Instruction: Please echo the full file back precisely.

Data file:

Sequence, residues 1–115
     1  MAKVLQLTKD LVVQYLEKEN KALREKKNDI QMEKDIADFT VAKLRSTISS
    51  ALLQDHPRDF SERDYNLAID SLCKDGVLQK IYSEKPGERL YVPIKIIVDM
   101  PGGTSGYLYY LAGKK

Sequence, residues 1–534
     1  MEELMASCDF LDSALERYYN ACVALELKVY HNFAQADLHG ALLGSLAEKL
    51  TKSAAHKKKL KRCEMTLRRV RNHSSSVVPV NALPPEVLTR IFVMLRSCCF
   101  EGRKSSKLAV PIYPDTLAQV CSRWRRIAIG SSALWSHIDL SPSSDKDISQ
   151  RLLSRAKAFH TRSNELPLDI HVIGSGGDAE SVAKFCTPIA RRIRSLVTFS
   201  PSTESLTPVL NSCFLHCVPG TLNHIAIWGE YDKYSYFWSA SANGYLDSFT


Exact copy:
Sequence, residues 1–115
     1  MAKVLQLTKD LVVQYLEKEN KALREKKNDI QMEKDIADFT VAKLRSTISS
    51  ALLQDHPRDF SERDYNLAID SLCKDGVLQK IYSEKPGERL YVPIKIIVDM
   101  PGGTSGYLYY LAGKK

Sequence, residues 1–534
     1  MEELMASCDF LDSALERYYN ACVALELKVY HNFAQADLHG ALLGSLAEKL
    51  TKSAAHKKKL KRCEMTLRRV RNHSSSVVPV NALPPEVLTR IFVMLRSCCF
   101  EGRKSSKLAV PIYPDTLAQV CSRWRRIAIG SSALWSHIDL SPSSDKDISQ
   151  RLLSRAKAFH TRSNELPLDI HVIGSGGDAE SVAKFCTPIA RRIRSLVTFS
   201  PSTESLTPVL NSCFLHCVPG TLNHIAIWGE YDKYSYFWSA SANGYLDSFT